appears in the following:

STD rates are surging. Here's why

Friday, September 23, 2022

NPR's Mary Louise Kelly speaks with David Harvey, executive director of the National Coalition of STD Directors, about how STD rates are soaring in the U.S. — especially syphilis, which is up 26%.


'Who Killed Daphne' podcast seeks answers and justice for Daphne Caruana Galizia

Thursday, August 25, 2022

NPR's Ari Shapiro speaks to Stephen Grey, the host of Who Killed Daphne. The podcast investigates the 2017 death of journalist Daphne Caruana Galizia, who was killed in a car bomb in Malta.


The book 'Haven' is a monastic retreat to an island inhabited only by men and birds

Wednesday, August 24, 2022

NPR's Ari Shapiro speaks with Emma Donoghue about her new book, Haven. In it, three Irish monks in the Middle Ages choose to live a life of isolation on a rocky island.


Daria Dugina's assassination could spell trouble for Putin's allies in Russia

Wednesday, August 24, 2022

The Russian propagandist and daughter of Alexander Dugin was killed in a car bombing in Moscow last week. What could this mean for other political elites in Russia?


How Daria Dugina's death impacts security for Putin allies in Russia

Tuesday, August 23, 2022

NPR's Mary Louise Kelly speaks with Marlene Laruelle of the Institute for European, Russian and Eurasian Studies at George Washington University about Alexander Dugin's influence in Russia and beyond.


Here's what the FBI Agents Association says about recent threats to federal agents

Monday, August 15, 2022

NPR's Mary Louise Kelly speaks with Brian O'Hare, the president of the FBI Agents Association, about recent threats against agents and calls to defund the FBI.


Belinda Huijuan Tang's debut novel explores family, forgiveness in times of change

Friday, August 12, 2022

Belinda Huijuan Tang's debut novel A Map for the Missing is a story about family, forgiveness and the challenge of grappling with the past while charting a path for the future.


How the search in Mar-a-Lago might impact the Justice Department

Tuesday, August 09, 2022

NPR's Juana Summers speaks with Sarah Isgur Flores, the former director of the Office of Public Affairs at the Justice Department during the Trump administration, about the FBI's search in Mar-a-Lago.


The White House has a new public engagement advisor. Here's her plan

Friday, July 22, 2022

Keisha Lance Bottoms is the new White House senior advisor for public engagement. The former Atlanta mayor begins her job at a time when President Biden's approval ratings are at an all-time low.


Rep. Adam Schiff on what to expect in the final Jan. 6 hearing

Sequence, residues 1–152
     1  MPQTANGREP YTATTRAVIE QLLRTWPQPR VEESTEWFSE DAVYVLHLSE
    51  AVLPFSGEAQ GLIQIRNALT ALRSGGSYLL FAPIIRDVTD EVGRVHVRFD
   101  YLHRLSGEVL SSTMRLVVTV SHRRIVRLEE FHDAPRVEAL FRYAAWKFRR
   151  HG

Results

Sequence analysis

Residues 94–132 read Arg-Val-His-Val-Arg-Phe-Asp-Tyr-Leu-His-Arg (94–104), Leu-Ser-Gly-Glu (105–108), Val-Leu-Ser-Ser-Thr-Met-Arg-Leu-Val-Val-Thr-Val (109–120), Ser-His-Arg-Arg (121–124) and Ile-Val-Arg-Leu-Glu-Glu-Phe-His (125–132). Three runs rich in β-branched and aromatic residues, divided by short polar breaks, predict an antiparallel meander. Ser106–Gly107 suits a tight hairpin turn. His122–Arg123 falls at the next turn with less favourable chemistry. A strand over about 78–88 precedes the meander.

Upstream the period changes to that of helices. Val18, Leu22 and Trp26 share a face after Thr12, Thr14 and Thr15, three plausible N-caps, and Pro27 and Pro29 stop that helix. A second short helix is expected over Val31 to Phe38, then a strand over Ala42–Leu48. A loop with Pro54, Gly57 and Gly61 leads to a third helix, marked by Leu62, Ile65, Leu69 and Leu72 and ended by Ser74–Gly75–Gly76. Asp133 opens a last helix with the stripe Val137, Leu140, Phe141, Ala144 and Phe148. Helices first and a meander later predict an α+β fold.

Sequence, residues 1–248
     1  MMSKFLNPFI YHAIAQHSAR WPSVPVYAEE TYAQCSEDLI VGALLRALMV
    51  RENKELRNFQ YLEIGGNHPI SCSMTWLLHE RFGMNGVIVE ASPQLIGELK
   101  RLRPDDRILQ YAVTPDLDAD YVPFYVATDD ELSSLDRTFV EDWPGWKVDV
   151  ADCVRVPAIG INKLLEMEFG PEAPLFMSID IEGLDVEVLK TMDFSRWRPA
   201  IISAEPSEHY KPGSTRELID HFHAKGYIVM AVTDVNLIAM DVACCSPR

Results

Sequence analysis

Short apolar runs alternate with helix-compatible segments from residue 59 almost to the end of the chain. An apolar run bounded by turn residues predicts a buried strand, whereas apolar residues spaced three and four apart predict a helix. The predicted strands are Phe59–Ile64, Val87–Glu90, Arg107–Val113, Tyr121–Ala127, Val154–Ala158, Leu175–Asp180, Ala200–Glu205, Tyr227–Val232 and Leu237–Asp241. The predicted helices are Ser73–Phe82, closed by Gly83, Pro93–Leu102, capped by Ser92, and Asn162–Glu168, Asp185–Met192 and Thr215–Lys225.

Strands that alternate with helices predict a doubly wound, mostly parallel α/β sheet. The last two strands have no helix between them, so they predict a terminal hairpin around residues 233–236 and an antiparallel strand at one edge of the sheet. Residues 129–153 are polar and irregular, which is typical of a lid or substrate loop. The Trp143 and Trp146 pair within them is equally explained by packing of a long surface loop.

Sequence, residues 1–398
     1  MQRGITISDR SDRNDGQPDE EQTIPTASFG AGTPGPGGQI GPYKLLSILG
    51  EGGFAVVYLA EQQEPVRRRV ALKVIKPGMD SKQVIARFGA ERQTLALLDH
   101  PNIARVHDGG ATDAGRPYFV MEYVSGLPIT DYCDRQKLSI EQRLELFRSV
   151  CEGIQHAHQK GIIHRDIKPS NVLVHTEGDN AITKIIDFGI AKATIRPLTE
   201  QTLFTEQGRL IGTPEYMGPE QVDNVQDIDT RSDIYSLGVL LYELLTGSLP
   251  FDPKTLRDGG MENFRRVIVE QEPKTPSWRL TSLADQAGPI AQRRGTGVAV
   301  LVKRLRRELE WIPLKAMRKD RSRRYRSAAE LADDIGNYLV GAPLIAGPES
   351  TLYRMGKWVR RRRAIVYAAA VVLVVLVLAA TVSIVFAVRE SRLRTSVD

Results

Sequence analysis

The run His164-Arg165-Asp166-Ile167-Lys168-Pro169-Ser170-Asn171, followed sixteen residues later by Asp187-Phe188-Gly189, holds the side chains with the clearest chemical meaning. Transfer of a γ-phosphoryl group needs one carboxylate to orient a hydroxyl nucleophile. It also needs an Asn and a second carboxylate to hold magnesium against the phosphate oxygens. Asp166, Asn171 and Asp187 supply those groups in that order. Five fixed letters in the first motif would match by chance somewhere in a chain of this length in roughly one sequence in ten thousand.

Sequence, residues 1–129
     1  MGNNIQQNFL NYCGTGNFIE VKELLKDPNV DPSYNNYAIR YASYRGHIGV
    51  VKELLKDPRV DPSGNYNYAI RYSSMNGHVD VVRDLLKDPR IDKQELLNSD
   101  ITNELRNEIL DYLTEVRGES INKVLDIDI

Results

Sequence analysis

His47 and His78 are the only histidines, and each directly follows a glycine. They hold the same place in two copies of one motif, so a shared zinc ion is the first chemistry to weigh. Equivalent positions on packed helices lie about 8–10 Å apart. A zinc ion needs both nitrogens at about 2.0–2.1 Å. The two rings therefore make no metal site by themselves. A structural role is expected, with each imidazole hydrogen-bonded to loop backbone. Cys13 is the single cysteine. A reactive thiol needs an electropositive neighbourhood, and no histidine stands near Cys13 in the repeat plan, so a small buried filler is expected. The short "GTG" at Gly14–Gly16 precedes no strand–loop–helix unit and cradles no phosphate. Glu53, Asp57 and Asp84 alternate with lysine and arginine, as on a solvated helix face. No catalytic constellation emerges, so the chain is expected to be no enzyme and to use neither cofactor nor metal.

Thursday, July 21, 2022

NPR's Juana Summers speaks with Rep. Adam Schiff, D-Calif., about the eighth and final Jan. 6 hearing.


In his new book, Jamil Jan Kochai writes of war, displacement and haunting memories

Tuesday, July 19, 2022

Jamil Jan Kochai's new book, The Haunting of Hajji Hotak and other Stories, explores war, displacement, family and the memories that haunt us.


Here is the CDC director's plan to fight monkeypox

Friday, July 15, 2022

NPR's Ari Shapiro speaks with CDC Director Rochelle Walensky about the monkeypox outbreak in the United States and the steps the federal government is taking to manage it.


Why the family of Emmett Till want authorities to serve a 67-year-old arrest warrant

Wednesday, July 13, 2022

The family of Emmett Till want authorities to serve a 1955 arrest warrant to the white woman they say is responsible for his murder and kidnapping.


Poet laureate Ada Limón reflects on the role of poetry during challenging times

Tuesday, July 12, 2022

Ada Limón, the new U.S. poet laureate, speaks with Tess Taylor about the moment she got the call and what it means to hold the position.


There's a vaccine and decades of research against Monkeypox. So why is it spreading?

Monday, July 11, 2022

NPR's Ari Shapiro speaks with Anne Rimoin, professor of epidemiology at UCLA about Monkeypox and measures being taken to mitigate the spread.


Japan grapples with the killing of former Prime Minister Shinzo Abe

Friday, July 08, 2022

NPR's Juana Summers speaks with Motoko Rich of 'The New York Times' about the killing of former Prime Minister Shinzo Abe.


Brittney Griner's supporters want you to know what it's like for women in the WNBA

Thursday, July 07, 2022

NPR's Juana Summers speaks with Nadine Domond, head of women's basketball at Virginia State University, about the work to bring attention to Brittney Griner's case.


Shooting eye witness on the significance of the Highland Park July Fourth parade

Monday, July 04, 2022

NPR's Ailsa Chang speaks with Miles Zaremski, an eye witness of the Fourth of July shooting in Highland Park, Ill. At least 6 people died and and dozens are wounded, according to local police.


School is out, but teacher stress and burnout is still in session

Thursday, June 16, 2022

It's the end of the school year and NPR's Ailsa Chang speaks with two teachers and a teacher coach about how the pandemic has impacted their school year.


Why a phone conversation with Sen. Feinstein worried this reporter

Monday, June 13, 2022

NPR's Mary Louise Kelly speaks with journalist Rebecca Traister about her recent writing on Sen. Dianne Feinstein's career and reports of her cognitive health.